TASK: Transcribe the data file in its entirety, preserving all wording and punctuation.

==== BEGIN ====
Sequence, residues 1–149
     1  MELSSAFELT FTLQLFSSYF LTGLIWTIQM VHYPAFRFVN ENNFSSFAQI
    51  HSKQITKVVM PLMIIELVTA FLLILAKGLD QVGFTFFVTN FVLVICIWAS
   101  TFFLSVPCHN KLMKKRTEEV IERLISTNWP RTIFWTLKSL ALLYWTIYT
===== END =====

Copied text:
Sequence, residues 1–149
     1  MELSSAFELT FTLQLFSSYF LTGLIWTIQM VHYPAFRFVN ENNFSSFAQI
    51  HSKQITKVVM PLMIIELVTA FLLILAKGLD QVGFTFFVTN FVLVICIWAS
   101  TFFLSVPCHN KLMKKRTEEV IERLISTNWP RTIFWTLKSL ALLYWTIYT